If the teacher takes a real interest in the child as an individual, the parents will have confidence in him. In this process, the teacher is educating the parents as well as himself, while learning from them in return. Right education is a mutual task demanding patience, consideration and af- fection. Enlightened teachers in an enlightened community could work out this problem of how to bring up children, and experiments along these lines should be made on a small scale by interested teachers and thoughtful parents.
Do parents ever ask themselves why they have children? Do they have children to perpetuate their name, to carry on their property? Do they want children merely for the sake of their own delight, to satisfy their own emotional needs? If so, then the children become a mere projection of the desires and fears of their parents.
Can parents claim to love their children when, by educating them wrongly, they foster envy, enmity and ambition? Is it love that stimulates the national and racial antagonisms which lead to war, destruction and utter misery, that sets man against man in the name of religions and ideologies?
Many parents encourage the child in the ways of conflict and sorrow, not only by allowing him to be submitted to the wrong kind of education, but by the manner in which they conduct their own lives; and then, when the child grows up and suffers, they pray for him or find excuses for his behaviour. The suffering of parents for their children is a form of possessive self-pity which exists only when there is no love.
If parents love their children, they will not be nationalistic, they will not identify themselves with any country; for the worship of the State brings on war, which kills or maims their sons. If parents love their children, they will discover what is right relationship to property; for the possessive in- stinct has given property an enormous and false significance which is destroying the world. If parents love their children, they will not belong to any organized religion; for dogma and belief divide people into conflicting groups, creating antagonism between man and man. If parents love their children, they will do away with envy and strife, and will set about altering fundamentally the structure of present-day society.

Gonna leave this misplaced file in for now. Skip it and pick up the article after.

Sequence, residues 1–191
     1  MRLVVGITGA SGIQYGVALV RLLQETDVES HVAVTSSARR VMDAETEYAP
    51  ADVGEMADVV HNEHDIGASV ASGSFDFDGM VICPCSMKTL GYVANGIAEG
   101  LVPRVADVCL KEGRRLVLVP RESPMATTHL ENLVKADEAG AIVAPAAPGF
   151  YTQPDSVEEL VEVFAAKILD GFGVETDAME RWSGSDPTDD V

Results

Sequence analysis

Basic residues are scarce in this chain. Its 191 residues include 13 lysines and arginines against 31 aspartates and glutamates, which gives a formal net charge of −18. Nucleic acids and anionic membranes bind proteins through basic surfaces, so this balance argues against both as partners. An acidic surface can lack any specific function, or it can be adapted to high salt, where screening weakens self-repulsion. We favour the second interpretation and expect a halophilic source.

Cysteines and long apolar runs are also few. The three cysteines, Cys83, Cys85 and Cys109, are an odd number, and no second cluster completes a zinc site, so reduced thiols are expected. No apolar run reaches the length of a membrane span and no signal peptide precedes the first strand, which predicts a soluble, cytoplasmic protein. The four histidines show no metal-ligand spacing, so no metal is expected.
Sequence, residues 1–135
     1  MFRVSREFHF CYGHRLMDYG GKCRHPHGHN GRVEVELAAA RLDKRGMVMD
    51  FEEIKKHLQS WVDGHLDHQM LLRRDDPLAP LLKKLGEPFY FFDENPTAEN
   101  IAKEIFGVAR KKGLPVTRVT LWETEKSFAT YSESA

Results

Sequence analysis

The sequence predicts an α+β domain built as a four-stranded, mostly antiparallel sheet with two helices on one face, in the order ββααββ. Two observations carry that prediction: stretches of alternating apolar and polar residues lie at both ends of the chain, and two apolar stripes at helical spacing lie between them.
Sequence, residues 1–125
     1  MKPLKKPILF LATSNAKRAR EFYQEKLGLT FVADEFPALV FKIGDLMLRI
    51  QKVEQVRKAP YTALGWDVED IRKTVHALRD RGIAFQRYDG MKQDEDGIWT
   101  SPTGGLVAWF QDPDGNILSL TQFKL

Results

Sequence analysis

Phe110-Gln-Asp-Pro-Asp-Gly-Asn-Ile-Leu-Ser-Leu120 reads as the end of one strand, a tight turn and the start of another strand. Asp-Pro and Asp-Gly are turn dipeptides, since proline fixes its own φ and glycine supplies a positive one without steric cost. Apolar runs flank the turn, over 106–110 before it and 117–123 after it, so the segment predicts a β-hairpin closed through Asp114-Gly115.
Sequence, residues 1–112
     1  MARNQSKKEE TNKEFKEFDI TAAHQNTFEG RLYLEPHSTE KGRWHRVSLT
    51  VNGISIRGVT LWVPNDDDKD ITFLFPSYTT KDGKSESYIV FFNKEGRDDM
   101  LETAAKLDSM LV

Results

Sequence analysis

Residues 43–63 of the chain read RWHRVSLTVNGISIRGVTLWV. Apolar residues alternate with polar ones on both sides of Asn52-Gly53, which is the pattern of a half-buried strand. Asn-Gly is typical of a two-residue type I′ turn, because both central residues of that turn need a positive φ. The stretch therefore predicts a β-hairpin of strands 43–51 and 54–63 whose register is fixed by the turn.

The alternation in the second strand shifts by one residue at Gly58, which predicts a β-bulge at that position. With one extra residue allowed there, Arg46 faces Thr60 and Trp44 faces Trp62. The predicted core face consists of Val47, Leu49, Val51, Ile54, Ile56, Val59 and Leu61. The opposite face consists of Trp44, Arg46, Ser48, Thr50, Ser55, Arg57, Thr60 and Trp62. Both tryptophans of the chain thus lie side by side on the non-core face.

As long as we want our children to be powerful, to have bigger and better positions, to become more and more successful, there is no love in our hearts; for the worship of success encourages conflict and misery. To love one’s children is to be in complete communion with them; it is to see that they have the kind of education that will help them to be sensitive, intelligent and integrated.
The first thing a teacher must ask himself, when he decides that he wants to teach, is what exactly he means by teaching. Is he going to teach the usual subjects in the habitual way? Does he want to condition the child to become a cog in the social machine, or help him to be an integrated, creative human being, a threat to false values? And if the educator is to help the student to examine and understand the values and influences that surround him and of which he is a part, must he not be aware of them himself? If one is blind, can one help others to cross to the other shore?
Surely, the teacher himself must first begin to see. He must be constantly alert, intensely aware of his own thoughts and feelings, aware of the ways in which he is conditioned, aware of his activities and his responses; for out of this watchfulness comes intelligence, and with it a radical transformation in his relationship to people and to things.
Intelligence has nothing to do with the passing of examinations. Intelligence is the spontaneous perception which makes a man strong and free. To awaken intelligence in a child, we must begin to understand for ourselves what intelligence is; for how can we ask a child to be intelligent if we ourselves remain unintelligent in so many ways? The problem is not only the student’s difficulties, but also our own: the cumulative fears, unhappiness and frustrations of which we are not free. In order to help the child to be intelligent, we have to break down within ourselves those hindrances which make us dull and thoughtless.